It passed regressions on Windows and Solaris with classes, sane and insane jars. Manual inspection showed permissions to be restricted as expected on both platform types.
This patch builds on the previous proof-of-concept patches. It is not for commit yet, I still need to rewrite the Java 7 level code to use reflection, so as not to force use of Java 7. In order to compile the patch you need a Java 7 JDK as the patch stands.
I have called the patch "basic" since I need to make another patch to include:
- implement the property persistence needed for old databases to avoid suddenly starting to use the new feature when upgrading, cf discussion with Kathey. See also separate question thread below.
The patch now also restricts permission for created directories, albeit only for the lowests level if many levels are created with a a single mkdir. This can be improved if you think it is important/necessary, we just need to do more analysis of what parts of the path already exists during creation.
Tests. I'd like feed-back on this. It's a bit hard to really test this automatically since our tests run within one OS user only. Naturally, we can inspect the file masks (on Posix/Unix), but we'd have to use the same methods in JDK 6 that we presently use to set them, so I am not sure it adds value. Likewise for NTFS ACLs, we would rely on the very same privitimes I use in JDK 7 to manipulate the ACLs. Up to now, I have used manual inspection of the file system permission using tools provided (ls -l on Unix, and The Windows explorer on Windows).
Reviewers: Please help finding "holes", i.e. place where I have forgotten to limit permissions for for files and dirs created. I have gone through the code, but I can have missed some instances. Bwt, I did not do anything for the tools (ij, dblook).
The patch only ever restricts permissions of files that are created, never on existing files . This would preclude using the feature to "tighten up" and existing database. Is this the best approach? I think if one wants to secure an existing database, it's better to do it manually using OS level tools, and then start using the feature (lest it happens only gradually, piece-meal over time).
 In the code, in some places I check if there was a file/dir created, in other places where it is statically known to be a new file/dir, I do not check. Verifying the correctness of this could be useful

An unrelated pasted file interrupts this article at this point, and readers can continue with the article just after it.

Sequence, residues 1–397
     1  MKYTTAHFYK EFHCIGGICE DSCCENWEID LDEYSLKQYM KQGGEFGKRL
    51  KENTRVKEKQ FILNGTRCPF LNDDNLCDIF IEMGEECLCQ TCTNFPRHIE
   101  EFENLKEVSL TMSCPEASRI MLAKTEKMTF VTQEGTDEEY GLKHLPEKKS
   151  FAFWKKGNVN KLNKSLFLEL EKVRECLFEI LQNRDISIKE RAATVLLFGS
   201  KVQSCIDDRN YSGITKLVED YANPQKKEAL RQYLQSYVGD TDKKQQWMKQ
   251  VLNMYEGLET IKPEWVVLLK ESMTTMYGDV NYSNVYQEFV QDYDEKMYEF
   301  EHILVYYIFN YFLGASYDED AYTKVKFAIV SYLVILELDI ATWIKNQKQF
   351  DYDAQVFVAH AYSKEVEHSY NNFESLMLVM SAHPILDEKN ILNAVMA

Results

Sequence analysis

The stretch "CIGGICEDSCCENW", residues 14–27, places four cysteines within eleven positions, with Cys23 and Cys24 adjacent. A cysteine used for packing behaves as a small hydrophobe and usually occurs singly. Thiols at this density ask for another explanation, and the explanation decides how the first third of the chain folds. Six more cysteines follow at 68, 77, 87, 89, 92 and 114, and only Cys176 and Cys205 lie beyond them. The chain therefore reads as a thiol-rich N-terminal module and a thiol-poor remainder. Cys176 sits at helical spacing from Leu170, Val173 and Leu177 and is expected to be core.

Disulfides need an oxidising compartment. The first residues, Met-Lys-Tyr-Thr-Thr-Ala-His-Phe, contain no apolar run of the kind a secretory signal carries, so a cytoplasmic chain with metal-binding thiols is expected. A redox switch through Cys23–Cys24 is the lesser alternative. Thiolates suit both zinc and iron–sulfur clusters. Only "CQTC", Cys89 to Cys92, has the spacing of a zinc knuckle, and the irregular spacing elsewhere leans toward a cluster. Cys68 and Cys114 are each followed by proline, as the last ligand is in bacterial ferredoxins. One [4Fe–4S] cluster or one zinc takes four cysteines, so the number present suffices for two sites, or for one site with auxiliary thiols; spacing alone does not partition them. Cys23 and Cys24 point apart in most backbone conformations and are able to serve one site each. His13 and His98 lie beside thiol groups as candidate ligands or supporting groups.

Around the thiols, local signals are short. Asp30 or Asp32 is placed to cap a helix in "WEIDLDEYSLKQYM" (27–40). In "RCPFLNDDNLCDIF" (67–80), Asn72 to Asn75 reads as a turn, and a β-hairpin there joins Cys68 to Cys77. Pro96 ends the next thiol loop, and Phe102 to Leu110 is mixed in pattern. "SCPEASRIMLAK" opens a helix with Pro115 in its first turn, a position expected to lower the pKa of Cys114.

Detailed patch comments:
Enables using Java 7 for compilation. This will go away when I move to use reflection, but I'll make a new JIRA and attach this so we don't lose the code. I imagine at some point we will want to start using Java 7/8 going forward.
Implements the new static method limitAccessToOwner(File file). This will do the right thing for Unix and Windows if running on >= Java 6 and >= Java 7 respectively. Note: I have presumed that Windows use NTFS with ACLs enabled here. If the fs on Window were, say, an NFS share, it would not work since this would have POSIX permission. I guess we could improve this in a follow-up patch. If running on a Windows FAT system, which doesn't have permissions, the method would do nothing. a noop would also ensue if NTFS had the ACLs turned off.
The Java 7 source level delegate which implements the NTFS ACL part of the above logic. When I move to use reflection, this code will move to FileUtil.java.
Enables building of FileUtil7 with Java 7, will go away in next patch.
The Derby property "derby.storage.useDefaultFilePermissions".
limit access to files created during export.
Creates derby.system.home if missing with restricted permissions.
Creation of derby.system.home, db directory ("wombat"), system.properties file with restricted permissions.
Creation of derby.log with restricted permissions.
Creation of lck file with restricted permissions (NIO).
Added limitAccessToOwner to interface. In the code, StorageFile is often used interchangably with File; so StorageFile also implements exists() etc al.
Implements StorageFile. An empty implementation of limitAccessToOwner since this is the base class for read-only stream implementations of the StorageFile interface. I.e. not file creation happens here.
Implements StorageFile. The one implemenation of StorageFile that does create files in the "real" file system. Forwards to FileUtil.limitAccessToOwner.
Implements StorageFile. No disk file system access, so an empty implementation of limitAccessToOwner.
Creation of the tmp directory with restricted permissions.
Creation of the log directory and its files with restricted permissions.
Creation of the backup directories and contents with restricted permissions (but see FileUtils#copyDirectory, #copyFile also).
Creation of the db lock file with restricted permissions (but see also NIO getExclusiveFileLock in DirFile4).
Used for lobs? In any case, tighted up to use restricted permissions.
Jar file logic: restricted permissions.
container creation, regular and backup with restricted permissions
extra int'l for a "caused by string".
Dss trace (server): restricted permissions for trace directory and trace files.
Implements StorageFile. Test only.
The new code when running on Java 7 on Windows needs the extra RuntimePermission "accessUserInformation" (to determine the file's owner) when run with the Security Manager. I have added that to the default "server.policy" file, and the "template.policy", as well as were needed to run the tests. The tests also needed some more "read" file permissions.
Changes to be able to use Java 7. Will be rolled back when I move to use reflection.